Xunzi makes this distinction most explicit when, in Book 23, he distinguishes between what he calls xing and wei. The concept of xing picks out the spontaneous aspects of human nature. Capacities such as the capacity to learn, which we exercise only deliberately and with effort, do not for Xunzi count as xing, but instead fall under the category of wei, or artifice. This distinction is fundamental to his famous claim that people's xing is bad, discussed below; this implies that the tendencies that people acquire spontaneously tend to lead to bad behavior, but does not imply that human nature as a whole as bad. Human nature incorporates, but our xing does not, the capacities that make virtue possible, because though all human beings have these capacities, we do not exercise them spontaneously.
Among the spontaneous features of human nature that attract Xunzi's attention, desire is most significant. Xunzi claims that all human beings experience certain desires—primarily desires for bodily satisfaction and comfort and for social honor and position—and that we cannot reduce or eliminate these desires. The difference between the gentleman and the common person lies not in their desires, but in the actions they take to satisfy their desires. An implication of this claim is that for people to become virtuous it is not necessary for their desires to change. This is borne out by Xunzi's discussion of the effects of ritual in Book 19, where he says that ritual nourishes people's desires and ensures that their behavior will be orderly, but does not say that ritual transforms people's desires.
A consequence of Xunzi's distinction between xing and artifice is that our xing does not distinguish us from animals. Instead, what distinguishes us from animals is our capacity for artifice—our ability to act independently of, or even contrary to, our spontaneous tendencies. Xunzi does not explain this difference in cognitive terms. According to a passage in Book 9, animals, like humans, have knowledge; this is what distinguishes them from plants. What sets humans apart is our capacity for morality and our tendency to form norm-governed societies. (In this he agrees with other Confucian philosophers, notably Mencius.) Perhaps this implies a difference between human and animal knowledge. But even if it does, Xunzi consistently drew the distinction between humans and animals in social and normative rather than cognitive terms.
Xunzi's most pessimistic claims about human nature come in the course of an argument against Mencius that occurs in Book 23 of the Xunzi. Book 6A of the Mencius tells us that Mencius defended the view that people's xing is good. Xunzi takes this to mean that people will spontaneously behave correctly if they are not interfered with, and argues to the contrary that people's xing is bad. His main argument is that if our xing were truly good, then there would be no need for the institutions, such as the rituals and duties, that the sages founded in order to bring order to human societies. That we require these institutions to interfere with people's natural tendencies is supposed to show that these tendencies are originally bad.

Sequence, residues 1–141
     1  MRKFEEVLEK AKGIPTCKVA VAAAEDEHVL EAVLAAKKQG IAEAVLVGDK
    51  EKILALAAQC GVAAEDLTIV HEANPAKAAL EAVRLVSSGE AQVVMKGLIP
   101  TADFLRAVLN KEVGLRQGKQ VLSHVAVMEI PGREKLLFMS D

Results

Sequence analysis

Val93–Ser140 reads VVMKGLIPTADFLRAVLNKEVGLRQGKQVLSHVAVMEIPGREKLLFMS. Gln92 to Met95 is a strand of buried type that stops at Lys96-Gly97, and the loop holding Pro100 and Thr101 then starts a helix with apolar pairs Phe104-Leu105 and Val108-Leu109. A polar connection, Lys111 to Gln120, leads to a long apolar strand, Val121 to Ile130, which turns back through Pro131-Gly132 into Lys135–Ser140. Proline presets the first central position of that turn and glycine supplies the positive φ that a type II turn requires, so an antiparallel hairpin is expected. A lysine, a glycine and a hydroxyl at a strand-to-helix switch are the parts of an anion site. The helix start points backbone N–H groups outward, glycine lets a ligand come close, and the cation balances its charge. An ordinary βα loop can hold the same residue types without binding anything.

The scholarly consensus is that this argument is based on a misunderstanding of Mencian moral psychology. Perhaps the claim that people's xing is good, taken in isolation, implies that people will behave correctly if not interfered with, but in the context of Mencian philosophy more generally it cannot have such an extreme implication. Mencian optimism about human nature is based on claims about our capacities for virtue, and about the naturalness with which we can develop these capacities, not on the implausible claim that we start out with naturally virtuous tendencies.
Xunzi gives a more sensitive interpretation of Mencian moral psychology in another passage from Book 23, where he takes Mencius to be saying that through education people's xing can be made good. So interpreted, Mencius held that our spontaneous tendencies can be extended and shaped, and that the aim of moral education is to do this in the right way; the result is an improved xing. Xunzi rejects this view, arguing that since education requires effort it inevitably separates us off from our xing; when he elsewhere writes that the sage kings transformed xing, he presumably means that they replaced it with something else, namely artifice. By responding to Mencius in this way, Xunzi emphasizes not the inferior moral character of xing, but the need to supplement it with artifice; and he is taking the underlying issue to be the effort required for moral improvement. (Section 4B/26 of the Mencius may agree that this was the fundamental issue in early Chinese disputes about people's xing.)
It is the human heart that enables us to depart from our spontaneous tendencies. The heart does not operate entirely according to xing, for it is also capable of artifice. Because of this, the heart can gain knowledge of the Way (cf. the discussion of the heart in Section 8, Epistemology, below). It can use its knowledge of the Way to guide behavior, for, Xunzi says, the heart is the ruler of the body: once it settles on a course of action, it merely has to issue its orders, and the body is sure to obey.
Xunzi calls the sort of judgment that the heart makes when it settles on a course of action approval. He specifically contrasts approval with desire, arguing that we inevitably do what our hearts approve of doing, even if that goes contrary to our desires. In other words, he argues that we always do what we think we should do, rather than what we want to do. He thus commits himself to the view that there can be no genuine cases of weakness of the will (though unfortunately he does not say how he would account for apparent cases of weakness). This is what allows him to claim that although correct behavior is contrary to people's spontaneous desires, it does not require a reduction or elimination of those desires. There has been some debate in the secondary literature over the extent to which Xunzi thought approval is truly independent of desire. One view is that the heart's approvals are based on judgments about how best to satisfy the agent's desires in the long term. However, it is unlikely that Xunzi saw such judgments as playing an essential role in action. More likely he thought that the heart's approvals reflect the agent's character, which in turn is primarily the product of socialization and education.